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At a Time Like This I Think It's OK to Tell Yourself You're Doing OK

Risa Suzuki is an author, model, training instructor and runner with a sub-2:40 marathon best and a win at the 2016 Mito Komon Manyu Marathon. She wrote on her blog about feeling positive in the current situation.

I've been off running since the end of January. The reason is something I'll write about's really frustrating. When I can't run like right now, I always think the people doing hard training are amazing. More and more races this fall are getting canceled because of the coronavirus. Everybody's different, but it's got to be really hard for naturally super-competitive people to stay motivated. It's probably a bit depressing for them that they're used to doing intervals and other workouts together but now can't do any training in groups. That might not be true for everyone. In my case I'd be happy just to jog.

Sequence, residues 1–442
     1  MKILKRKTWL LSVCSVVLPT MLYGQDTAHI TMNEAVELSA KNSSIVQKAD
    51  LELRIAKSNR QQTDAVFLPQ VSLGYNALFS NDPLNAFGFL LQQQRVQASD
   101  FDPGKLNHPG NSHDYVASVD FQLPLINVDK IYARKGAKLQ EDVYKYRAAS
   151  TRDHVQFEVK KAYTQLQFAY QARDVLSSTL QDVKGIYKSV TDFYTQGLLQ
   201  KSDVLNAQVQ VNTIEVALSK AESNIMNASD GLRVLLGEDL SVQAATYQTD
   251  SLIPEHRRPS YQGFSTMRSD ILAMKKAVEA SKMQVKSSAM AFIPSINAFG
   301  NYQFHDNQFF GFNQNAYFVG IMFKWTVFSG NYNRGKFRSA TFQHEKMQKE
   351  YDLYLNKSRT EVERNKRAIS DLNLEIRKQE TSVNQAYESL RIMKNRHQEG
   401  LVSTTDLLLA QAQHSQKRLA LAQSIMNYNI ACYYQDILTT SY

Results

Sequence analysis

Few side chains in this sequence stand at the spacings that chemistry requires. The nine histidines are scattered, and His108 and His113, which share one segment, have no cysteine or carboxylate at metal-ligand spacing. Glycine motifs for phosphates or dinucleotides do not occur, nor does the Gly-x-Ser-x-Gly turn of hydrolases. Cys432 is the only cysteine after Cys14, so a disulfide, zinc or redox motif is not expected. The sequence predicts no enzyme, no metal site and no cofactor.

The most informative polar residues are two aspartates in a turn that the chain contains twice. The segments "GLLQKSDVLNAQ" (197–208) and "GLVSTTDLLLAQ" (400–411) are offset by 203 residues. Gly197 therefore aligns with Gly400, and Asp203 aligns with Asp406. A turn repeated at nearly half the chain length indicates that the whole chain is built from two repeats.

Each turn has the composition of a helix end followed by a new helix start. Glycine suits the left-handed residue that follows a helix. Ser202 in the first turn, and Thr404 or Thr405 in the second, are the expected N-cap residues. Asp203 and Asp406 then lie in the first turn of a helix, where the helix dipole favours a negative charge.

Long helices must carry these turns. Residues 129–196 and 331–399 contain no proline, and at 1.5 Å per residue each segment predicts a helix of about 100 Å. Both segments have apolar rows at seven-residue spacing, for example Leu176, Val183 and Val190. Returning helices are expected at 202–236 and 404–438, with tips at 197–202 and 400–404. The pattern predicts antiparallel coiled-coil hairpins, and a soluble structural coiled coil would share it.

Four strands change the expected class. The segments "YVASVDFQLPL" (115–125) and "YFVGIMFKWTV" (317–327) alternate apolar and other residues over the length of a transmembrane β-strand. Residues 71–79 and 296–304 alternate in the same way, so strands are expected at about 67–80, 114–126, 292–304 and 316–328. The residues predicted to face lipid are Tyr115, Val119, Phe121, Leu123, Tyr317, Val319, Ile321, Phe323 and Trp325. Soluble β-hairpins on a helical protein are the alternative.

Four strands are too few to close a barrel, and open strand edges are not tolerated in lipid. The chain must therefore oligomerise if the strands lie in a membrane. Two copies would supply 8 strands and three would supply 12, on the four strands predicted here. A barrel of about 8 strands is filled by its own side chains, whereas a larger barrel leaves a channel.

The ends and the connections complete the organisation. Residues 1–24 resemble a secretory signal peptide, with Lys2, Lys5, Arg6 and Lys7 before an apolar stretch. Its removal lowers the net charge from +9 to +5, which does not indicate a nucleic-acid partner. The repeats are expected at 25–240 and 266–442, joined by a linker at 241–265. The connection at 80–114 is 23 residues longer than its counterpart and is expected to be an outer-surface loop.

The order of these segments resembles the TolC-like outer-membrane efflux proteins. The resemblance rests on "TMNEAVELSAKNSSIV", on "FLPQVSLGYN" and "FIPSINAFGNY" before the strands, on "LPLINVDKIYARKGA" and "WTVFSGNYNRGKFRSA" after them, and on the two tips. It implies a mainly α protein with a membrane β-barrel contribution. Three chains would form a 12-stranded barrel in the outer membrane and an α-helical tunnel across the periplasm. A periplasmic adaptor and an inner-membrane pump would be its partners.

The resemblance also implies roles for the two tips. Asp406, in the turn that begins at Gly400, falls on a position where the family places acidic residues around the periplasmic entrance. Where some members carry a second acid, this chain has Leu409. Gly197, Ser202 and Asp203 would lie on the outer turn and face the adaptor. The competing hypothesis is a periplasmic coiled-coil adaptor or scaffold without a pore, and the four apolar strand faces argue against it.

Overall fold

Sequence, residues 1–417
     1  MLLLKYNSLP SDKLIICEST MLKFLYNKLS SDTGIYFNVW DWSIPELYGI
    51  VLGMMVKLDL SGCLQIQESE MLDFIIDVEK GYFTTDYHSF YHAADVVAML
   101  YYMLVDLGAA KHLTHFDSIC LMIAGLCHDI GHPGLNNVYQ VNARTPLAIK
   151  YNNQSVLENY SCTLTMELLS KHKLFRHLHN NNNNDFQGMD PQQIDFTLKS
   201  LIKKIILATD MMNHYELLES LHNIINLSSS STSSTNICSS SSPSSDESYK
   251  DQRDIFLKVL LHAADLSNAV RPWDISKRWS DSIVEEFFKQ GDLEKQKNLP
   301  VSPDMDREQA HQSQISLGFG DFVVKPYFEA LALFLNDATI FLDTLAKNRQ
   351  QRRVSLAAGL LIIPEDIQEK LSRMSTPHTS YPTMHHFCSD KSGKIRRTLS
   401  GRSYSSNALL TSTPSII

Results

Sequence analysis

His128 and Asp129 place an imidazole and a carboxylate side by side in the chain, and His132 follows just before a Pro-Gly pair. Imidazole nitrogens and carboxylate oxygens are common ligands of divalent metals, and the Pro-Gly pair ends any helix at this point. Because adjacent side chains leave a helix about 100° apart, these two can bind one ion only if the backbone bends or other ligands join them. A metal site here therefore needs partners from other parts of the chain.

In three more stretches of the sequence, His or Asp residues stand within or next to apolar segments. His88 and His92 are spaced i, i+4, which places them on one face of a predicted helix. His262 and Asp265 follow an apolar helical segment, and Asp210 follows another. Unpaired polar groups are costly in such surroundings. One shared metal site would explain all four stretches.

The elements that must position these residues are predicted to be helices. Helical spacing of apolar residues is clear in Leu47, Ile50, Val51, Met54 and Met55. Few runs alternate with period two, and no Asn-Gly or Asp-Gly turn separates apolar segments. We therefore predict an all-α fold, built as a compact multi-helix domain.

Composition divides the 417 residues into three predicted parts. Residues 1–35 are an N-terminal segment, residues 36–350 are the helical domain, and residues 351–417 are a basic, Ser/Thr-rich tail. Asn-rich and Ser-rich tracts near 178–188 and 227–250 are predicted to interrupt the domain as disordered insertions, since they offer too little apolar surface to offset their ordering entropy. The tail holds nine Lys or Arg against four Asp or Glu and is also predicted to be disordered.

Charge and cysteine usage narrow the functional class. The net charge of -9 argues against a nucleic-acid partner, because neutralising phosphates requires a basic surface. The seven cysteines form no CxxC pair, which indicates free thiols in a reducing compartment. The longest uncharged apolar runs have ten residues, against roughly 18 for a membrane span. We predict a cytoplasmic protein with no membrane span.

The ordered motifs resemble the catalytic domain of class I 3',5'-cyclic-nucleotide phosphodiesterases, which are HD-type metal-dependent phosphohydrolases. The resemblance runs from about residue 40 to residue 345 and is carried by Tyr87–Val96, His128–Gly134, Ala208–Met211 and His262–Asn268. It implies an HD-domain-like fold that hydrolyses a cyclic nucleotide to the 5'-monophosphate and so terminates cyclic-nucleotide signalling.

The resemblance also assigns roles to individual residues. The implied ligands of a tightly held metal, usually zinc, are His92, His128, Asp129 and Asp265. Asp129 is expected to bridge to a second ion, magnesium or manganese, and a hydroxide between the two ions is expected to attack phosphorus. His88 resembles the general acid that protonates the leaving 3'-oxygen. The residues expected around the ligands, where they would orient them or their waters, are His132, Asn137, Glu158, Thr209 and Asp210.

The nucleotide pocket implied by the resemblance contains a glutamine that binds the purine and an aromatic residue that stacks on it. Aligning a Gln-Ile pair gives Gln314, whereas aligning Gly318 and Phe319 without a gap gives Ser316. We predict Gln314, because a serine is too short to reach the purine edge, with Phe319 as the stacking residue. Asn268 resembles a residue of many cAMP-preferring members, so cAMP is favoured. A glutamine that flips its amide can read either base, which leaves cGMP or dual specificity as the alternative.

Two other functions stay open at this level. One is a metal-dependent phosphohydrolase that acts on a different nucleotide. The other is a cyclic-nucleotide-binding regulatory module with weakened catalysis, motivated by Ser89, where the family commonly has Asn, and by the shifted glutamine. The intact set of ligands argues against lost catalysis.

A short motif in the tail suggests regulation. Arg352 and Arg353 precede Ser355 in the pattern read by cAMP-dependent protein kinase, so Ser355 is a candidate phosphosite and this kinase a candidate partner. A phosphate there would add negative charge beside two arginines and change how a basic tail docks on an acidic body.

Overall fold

Tracks are mostly closed now, and in the area where I live there are a lot more people out these days going for a walk and running. It must be pretty hard to pay attention and be careful about when and where to go out. If you're still doing high-intensity training, if it isn't as fast or not as good as planned I don't think you should hold it against yourself. I think it's OK to tell yourself that you're doing OK just trying to get in those workouts.

Even if you can't clear the bar you've set or give yourself a ten, right now I think that's good enough. If you do zero then it's going to end up at zero or even negative. But if you put in a five now, in six months you're going to get it back with a lot of interest. Instead of getting down and saying, "This was all I could do. That sucked," you should look at what you've done positively and tell yourself, "I got it done! I'm awesome!" You're going to feel a lot better that way.

I'm planning to get back into full-on training in July. I'm going to start back in with some jogging and pressure training to regain body and muscle strength. I hope we're all back to full speed soon!

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translated by Brett Larner

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